Digital Fiture

Debunking the Beckettian school of digital transformation

Learning from failure is a luxury most companies can't afford, says Billy MacInnes
Image: Stockfresh

17 June 2021

What’s that Samuel Beckett quote that everyone loves to use? It’s the one people always trot out when they’re trying to be smart about failure and success. “Ever tried. Ever failed. No matter. Try again. Fail again. Fail better.”

Good old Beckett. My first instinct was he probably knew very little about technology but it appears I may have been mistaken. Certainly, The Samuel Beckett Society was able to devote a conference to that very topic in 2018 and there’s also a forthcoming book on the subject. The synopsis for the book includes this sentence: “What emerges from these discussions is the centrality of technology for Beckett’s creative imagination, a factor that is equally enabling as it is limiting.”

Which shows how little I know about Beckett. Nevertheless, I was reminded of that much misused quote by a piece of research from the UK about the experience of businesses during the pandemic. First the good news: 56% of them had successfully adopted one or more new technologies since the pandemic began. It also reported 54% said using new technology had been key to help overcome the challenges posed by Covid-19.




Now the bit that brings Beckett to mind. The research from Studio Graphene found 30% had scrapped one or more unsuccessful digital transformation projects launched since the beginning of the pandemic. In other words, one of the key points of the research seems to be that, when it comes to digital transformation, “failure is an option”.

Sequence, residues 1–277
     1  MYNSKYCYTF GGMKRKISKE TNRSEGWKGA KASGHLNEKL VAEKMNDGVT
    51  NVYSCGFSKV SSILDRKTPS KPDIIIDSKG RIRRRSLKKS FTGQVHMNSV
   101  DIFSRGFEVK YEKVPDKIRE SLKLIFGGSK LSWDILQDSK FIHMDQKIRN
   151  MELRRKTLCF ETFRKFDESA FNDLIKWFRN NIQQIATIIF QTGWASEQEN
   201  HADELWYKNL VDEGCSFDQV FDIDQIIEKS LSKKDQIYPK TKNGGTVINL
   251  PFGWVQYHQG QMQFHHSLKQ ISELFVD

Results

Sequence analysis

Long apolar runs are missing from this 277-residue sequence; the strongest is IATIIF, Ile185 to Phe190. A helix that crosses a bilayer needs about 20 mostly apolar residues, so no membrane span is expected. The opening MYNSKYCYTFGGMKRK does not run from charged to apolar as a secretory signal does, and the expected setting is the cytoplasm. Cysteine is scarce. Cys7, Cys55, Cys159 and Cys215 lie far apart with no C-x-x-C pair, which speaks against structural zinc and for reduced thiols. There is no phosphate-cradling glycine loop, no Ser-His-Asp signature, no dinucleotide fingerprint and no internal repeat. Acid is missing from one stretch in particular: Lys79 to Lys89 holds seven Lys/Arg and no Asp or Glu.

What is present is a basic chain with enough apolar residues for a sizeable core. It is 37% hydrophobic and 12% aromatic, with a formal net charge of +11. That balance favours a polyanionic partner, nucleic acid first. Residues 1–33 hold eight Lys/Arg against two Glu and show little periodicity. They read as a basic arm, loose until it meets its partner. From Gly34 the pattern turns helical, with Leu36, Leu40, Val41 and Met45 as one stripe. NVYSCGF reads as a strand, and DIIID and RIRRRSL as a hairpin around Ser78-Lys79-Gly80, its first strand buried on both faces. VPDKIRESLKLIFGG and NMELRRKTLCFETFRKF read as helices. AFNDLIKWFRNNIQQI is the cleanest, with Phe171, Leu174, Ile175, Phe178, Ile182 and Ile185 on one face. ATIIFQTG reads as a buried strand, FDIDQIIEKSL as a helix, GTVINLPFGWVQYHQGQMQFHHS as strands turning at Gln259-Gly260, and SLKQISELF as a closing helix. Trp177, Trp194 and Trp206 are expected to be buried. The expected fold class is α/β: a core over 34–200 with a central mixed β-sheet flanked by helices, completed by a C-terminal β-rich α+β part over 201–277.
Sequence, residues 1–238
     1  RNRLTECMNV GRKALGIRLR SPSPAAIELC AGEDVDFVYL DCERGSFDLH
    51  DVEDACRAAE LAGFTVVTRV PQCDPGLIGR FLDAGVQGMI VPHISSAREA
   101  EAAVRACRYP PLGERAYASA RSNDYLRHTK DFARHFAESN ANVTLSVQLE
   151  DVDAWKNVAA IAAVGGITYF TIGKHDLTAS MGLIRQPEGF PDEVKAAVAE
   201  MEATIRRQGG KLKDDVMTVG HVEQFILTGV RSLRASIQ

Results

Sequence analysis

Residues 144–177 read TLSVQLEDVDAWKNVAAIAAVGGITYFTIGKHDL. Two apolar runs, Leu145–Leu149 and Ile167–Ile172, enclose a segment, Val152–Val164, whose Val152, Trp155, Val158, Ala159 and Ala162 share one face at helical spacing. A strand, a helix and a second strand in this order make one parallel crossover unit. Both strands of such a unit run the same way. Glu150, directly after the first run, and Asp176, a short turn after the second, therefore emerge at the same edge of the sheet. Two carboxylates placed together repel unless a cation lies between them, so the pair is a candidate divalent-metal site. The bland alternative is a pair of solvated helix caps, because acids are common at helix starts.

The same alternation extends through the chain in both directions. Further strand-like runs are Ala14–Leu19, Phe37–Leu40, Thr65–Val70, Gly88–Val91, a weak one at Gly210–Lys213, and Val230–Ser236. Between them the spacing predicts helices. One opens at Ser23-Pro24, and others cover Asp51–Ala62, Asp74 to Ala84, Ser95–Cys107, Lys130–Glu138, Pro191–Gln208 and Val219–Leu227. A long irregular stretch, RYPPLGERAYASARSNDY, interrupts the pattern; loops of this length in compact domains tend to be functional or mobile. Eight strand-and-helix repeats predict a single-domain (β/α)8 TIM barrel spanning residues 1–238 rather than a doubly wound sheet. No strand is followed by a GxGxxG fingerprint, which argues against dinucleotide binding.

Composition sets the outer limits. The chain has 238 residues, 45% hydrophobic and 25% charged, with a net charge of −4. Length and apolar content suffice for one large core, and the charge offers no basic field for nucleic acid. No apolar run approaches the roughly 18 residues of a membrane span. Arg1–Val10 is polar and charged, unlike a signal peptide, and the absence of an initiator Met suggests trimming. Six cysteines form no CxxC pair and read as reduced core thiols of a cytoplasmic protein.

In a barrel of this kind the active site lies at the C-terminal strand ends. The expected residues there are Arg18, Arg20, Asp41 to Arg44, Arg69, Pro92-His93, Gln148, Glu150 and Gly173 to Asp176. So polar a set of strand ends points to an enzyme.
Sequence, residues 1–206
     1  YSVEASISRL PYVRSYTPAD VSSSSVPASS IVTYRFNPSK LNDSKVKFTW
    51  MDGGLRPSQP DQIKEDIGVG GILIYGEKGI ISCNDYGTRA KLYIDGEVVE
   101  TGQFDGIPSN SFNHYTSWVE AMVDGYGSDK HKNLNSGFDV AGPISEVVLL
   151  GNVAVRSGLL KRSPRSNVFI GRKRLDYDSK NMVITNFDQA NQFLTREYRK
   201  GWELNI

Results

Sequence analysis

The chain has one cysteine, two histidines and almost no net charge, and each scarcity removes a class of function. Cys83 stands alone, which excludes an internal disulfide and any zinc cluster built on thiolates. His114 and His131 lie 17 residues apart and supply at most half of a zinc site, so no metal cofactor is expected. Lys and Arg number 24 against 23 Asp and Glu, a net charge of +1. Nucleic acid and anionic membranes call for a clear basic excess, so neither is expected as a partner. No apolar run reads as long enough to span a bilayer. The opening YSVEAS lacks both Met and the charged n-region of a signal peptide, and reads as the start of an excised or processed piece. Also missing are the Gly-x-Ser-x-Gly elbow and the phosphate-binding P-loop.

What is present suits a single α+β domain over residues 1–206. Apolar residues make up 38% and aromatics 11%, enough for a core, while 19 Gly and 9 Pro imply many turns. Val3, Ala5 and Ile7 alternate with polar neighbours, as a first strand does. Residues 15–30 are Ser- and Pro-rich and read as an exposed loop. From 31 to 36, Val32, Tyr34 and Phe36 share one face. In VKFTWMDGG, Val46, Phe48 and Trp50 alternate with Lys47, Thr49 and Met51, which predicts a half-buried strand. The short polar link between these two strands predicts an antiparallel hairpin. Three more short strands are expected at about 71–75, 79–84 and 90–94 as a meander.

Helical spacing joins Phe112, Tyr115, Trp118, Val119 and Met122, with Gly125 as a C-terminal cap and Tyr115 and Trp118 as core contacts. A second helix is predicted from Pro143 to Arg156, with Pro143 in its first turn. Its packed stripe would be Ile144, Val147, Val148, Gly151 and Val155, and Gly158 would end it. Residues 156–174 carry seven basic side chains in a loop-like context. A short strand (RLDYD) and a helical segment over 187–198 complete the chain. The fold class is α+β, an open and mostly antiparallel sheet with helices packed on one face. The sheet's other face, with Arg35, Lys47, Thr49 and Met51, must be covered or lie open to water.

From the outside, one in three seems quite a significant number but Ritam Gandhi, founder and director at Studio Graphene noted: “Failure is part and parcel of innovation, so these findings should not discourage businesses that are working to upgrade their technology.”

That may well be true but I’m not sure I’ve seen that particular message on any brochure, website or e-mail from technology vendors trying to attract prospective customers.

Ganhi goes on to remark: “It’s great to see that confidence has not been knocked by the unsuccessful turnout of some IT projects, with the vast majority planning to ramp up their tech investment over the coming 12 months.”

Try again, basically.

I’m guessing the figures cited for digital transformation project failures by UK businesses are not too dissimilar for those here in Ireland or anywhere else for that matter.

The intriguing point here is that when technology companies sell the virtues of digital transformation, it can often be framed in terms of the dire consequences for companies that fail to undertake these projects and make their businesses more innovative. In other words, if you neglect digital transformation, your company could die or suffer at the hands of more innovative rivals.

But it’s very rare to hear those same proponents provide the disclaimer that while digital transformation can be very positive, it may fail to live up to its promises and you could end up scrapping projects completely.

It’s a bit of a tough choice: fail if you don’t implement digital transformation projects versus the one in third chance of your digital transformation projects failing if you do.

Failure in a business context is not as lenient as suggested in those lines by Beckett everyone keeps repeating. Companies may fail once but most of them don’t have the luxury of failing three times (count them): Fail. Fail again. Fail better.

In any case, in this context I’m concerned some people might have a very different interpretation of what “fail better” means. They might take it to mean a spectacular collapse that leaves nothing behind except abandoned buildings, irate customers and penniless staff because, when it comes to failure, you can’t do much better than that. Not to contradict Beckett but maybe we should treat his words with a degree of caution and think a bit more on what they might mean rather than what we want them to mean.

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